Despite valiant – if misguided – efforts from the likes of the Virtual Boy and VFX1 during the 1990s, virtual reality has never succeeded in cracking the mainstream. But we’d bet our mortgage on that changing with the Oculus Rift, a headset that manages to hit all the sweet spots: it’s affordable, comfortable and delivers an incredibly immersive experience, even with existing games.
With the Kickstarter-funded Oculus Rift still in the prototype stage and a consumer version not due in shops until late 2014 at the earliest, there’s much about the headset that is still yet to be confirmed – but there’s also much we do know and much we can take an educated guess at.
The Oculus Rift developer version features a 16:10 ratio 7in screen with a resolution of 1280 x 800 pixels. This screen is divided into two parts (one for the left eye and one for the right), meaning each eye sees a separate 640 x 800 image. Thus, the wearer sees a 3D image.
It keeps tabs on your head orientation through a combination of 3-axis gyroscopes, accelerometers and magnetometers, allowing it to track you through 360 degrees without any drift.
Dials on each side of the headset can be used to adjust the distance between between the displays and the wearer’s eyes, and there are interchangeable lenses included that allow some measure of dioptric correction (for people who are either short- or long-sighted).
It weighs 369g, which Oculus claims is equivalent to “a heavy pair of ski goggles”. There’s also a separate control box which connects to the headset via a cable, and into which you plug your source device via HDMI or DVI, plus USB for the transfer of tracking info.
The consumer version of Oculus Rift is expected to be somewhat different. While the company has yet to confirm its specifications, it’s likely to take most of its cues from the Crystal Cove prototype we had a chance to use at CES back in January.
Crystal Cove has a 1920 x 1080 OLED screen that not only boasts more pixels but also faster pixels: they can turn off and on more rapidly, which all but eliminates lag and blur (and therefore reduces the potential for motion sickness). It also offers far more advanced tracking that is aware of your head’s position in 3D space and not just its orientation. That means you can duck, lean and tilt. Crystal Cove is a marked step up from the developer kit version, in other words – and we expect the consumer Oculus Rift to be similarly superior.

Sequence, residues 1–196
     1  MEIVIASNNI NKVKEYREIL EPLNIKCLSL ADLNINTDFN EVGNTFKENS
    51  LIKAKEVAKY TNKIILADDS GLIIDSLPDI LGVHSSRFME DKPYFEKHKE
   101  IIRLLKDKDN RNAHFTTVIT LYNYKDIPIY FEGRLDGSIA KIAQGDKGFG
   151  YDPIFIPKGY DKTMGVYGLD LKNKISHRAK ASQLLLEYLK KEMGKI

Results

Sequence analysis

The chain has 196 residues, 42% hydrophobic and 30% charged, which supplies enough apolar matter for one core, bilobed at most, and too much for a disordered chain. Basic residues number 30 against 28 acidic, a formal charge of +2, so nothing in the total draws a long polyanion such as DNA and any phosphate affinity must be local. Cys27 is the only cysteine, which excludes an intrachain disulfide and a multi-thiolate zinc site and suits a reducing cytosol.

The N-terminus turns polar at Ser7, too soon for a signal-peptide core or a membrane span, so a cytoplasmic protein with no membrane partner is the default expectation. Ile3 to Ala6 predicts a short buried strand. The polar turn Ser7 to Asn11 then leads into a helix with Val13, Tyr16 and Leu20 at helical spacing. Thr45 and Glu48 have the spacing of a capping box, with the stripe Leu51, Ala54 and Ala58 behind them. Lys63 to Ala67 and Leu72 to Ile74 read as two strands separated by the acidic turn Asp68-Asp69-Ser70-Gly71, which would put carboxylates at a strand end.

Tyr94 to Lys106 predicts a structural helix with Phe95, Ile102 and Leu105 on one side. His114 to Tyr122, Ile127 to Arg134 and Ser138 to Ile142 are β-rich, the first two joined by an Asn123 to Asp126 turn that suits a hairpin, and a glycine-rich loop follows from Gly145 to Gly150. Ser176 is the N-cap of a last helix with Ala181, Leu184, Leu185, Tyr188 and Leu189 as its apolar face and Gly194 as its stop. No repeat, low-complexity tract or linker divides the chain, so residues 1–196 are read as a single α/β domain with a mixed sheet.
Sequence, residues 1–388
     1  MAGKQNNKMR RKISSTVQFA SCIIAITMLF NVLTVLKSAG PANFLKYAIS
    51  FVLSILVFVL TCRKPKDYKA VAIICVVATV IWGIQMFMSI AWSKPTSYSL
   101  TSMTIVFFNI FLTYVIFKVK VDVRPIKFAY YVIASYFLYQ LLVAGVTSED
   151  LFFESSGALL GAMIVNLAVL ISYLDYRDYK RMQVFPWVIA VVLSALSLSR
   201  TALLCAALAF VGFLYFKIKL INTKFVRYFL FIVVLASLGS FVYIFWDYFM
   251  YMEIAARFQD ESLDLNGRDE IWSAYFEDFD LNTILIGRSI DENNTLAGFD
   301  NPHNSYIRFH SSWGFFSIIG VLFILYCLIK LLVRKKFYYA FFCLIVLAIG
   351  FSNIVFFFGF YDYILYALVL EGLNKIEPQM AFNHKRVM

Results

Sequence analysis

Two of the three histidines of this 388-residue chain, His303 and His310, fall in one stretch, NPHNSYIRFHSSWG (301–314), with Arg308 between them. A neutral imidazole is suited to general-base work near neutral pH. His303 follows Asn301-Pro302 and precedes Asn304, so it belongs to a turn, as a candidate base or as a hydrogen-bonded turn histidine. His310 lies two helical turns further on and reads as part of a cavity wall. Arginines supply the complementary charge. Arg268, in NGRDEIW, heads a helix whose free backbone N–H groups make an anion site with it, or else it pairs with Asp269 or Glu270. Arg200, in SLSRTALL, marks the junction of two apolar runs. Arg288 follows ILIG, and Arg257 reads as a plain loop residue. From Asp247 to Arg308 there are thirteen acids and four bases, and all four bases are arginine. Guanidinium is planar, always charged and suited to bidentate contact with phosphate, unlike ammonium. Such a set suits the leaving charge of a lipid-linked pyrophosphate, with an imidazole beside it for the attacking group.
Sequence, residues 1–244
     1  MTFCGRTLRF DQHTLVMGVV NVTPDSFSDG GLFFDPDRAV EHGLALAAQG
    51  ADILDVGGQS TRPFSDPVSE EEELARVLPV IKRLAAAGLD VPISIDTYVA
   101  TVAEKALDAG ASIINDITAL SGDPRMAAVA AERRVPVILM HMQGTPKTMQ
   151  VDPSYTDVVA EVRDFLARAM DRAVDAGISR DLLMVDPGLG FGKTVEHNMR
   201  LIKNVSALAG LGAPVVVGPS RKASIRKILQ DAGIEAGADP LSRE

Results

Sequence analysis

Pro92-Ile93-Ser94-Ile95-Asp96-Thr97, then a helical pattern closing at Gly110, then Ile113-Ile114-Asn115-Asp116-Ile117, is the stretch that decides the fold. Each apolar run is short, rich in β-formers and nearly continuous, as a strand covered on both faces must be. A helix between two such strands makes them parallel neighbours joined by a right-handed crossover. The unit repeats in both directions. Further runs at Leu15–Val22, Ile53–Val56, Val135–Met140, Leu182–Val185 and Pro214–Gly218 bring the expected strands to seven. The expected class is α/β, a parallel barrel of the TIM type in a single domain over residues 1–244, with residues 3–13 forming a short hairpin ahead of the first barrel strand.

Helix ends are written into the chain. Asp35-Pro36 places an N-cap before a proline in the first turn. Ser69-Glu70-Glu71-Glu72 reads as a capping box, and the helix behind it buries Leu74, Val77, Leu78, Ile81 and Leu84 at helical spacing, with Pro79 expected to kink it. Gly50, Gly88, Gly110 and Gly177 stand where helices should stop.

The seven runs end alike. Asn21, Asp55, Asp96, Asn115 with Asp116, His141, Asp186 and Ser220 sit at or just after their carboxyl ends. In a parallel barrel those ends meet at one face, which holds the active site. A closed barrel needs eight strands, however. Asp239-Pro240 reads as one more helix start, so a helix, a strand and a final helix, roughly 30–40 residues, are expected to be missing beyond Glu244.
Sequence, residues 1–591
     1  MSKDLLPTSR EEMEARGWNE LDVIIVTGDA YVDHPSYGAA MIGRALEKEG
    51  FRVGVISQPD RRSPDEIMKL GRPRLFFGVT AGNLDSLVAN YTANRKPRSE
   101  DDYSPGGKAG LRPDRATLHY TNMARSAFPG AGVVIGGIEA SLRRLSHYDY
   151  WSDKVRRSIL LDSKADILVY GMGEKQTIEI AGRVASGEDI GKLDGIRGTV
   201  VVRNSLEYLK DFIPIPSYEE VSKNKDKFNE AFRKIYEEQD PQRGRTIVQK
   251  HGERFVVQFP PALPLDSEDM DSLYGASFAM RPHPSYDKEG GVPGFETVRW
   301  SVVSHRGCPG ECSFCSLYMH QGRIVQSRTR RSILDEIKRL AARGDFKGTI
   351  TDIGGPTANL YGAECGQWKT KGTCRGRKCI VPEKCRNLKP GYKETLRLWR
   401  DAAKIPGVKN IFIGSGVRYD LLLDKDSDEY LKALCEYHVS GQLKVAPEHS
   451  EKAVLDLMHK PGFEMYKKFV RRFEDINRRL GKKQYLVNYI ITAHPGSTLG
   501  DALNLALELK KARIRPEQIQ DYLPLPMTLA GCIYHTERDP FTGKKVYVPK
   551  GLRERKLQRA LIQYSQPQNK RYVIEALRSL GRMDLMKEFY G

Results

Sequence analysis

At CES back in January we had the opportunity to try both an HD prototype of Oculus Rift and the even more advanced Crystal Cove version of the headset – and it’s no exaggeration to say that both blew us away.
You can read our detailed thoughts on both below, but the headset manages to be comfortable to wear despite its bulk and delivers an experience quite unlike any VR headset we’ve seen. The level of immersion is incredible – in EVE Valkyrie, for instance, you can look around your spaceship’s cockpit with Rift while piloting it with the regular controller. The potential for any first-person view game is obvious, it'll draw you into these worlds like never before.
The main issue that can arise is motion sickness – particularly when the screen's view moves when your head doesn't and vice versa – but Oculus is working to fix that by adding positional head-tracking and faster-refreshing screens.
More after the break...
You can see a full list of upcoming and existing games with Oculus Rift support here. Most are for Windows PCs and a handful are also available on Mac and Linux, but the headset’s HDMI and USB connections mean it’s theoretically compatible with consoles such as the PlayStation 4 and Xbox One, as well as Android devices.
Even games that haven’t been designed with Oculus Rift in mind (or later patched to support it) can sometimes be played using the headset, thanks to a new wave of specialist drivers including VorpX, Vireio Perception 2.0 and TriDef Ignition, all of which can give standard Direct X games a 3D makeover.
Being a virtual reality 3D headset, there are many potential uses for Oculus Rift beyond gaming. To give some recent examples, there’s the University of Surrey’s Virtual Ride to Space, O2 putting you in the jockstrap of an England rugby player during a training session, and HBO allowing you to take a virtual ride up the 700-foot ice wall from Game Of Thrones.
Thanks to the presence of a software development kit, it’s a fairly straightforward process to program for Oculus Rift and use the technology to educate or entertain. Expect to see it put to use at museums, exhibitions and inside shopping centres very soon.
Price and release date
Oculus VR has yet to confirm a release date for the consumer version of Rift, but it seems a safe bet that it'll arrive in either late 2014 or early 2015.
As far as pricing goes, the best guide we have is that the developer version sells for US$300 (S$379). But given the consumer edition is likely to be more powerful and better equipped, it may cost more. Don't expect it to break the bank though - Oculus founder Palmer Luckey has suggested that the consumer version will be affordable to most gamers.
“You can’t sell an expensive piece of hardware and expect tons of content to show up," he said. "We’re not doing market research around what’s the breaking point for people to buy a VR headset; we’re just trying to sell it as cheap as we can while still existing as a company.”
Of course Oculus VR isn't the only company interested in virtual reality: Sony is expected to unveil its own VR headset at GDC this week, while Valve, the company behind Steam, also has its own prototype. But having tried Oculus Rift ourselves, it's still the one we're most excited about right now.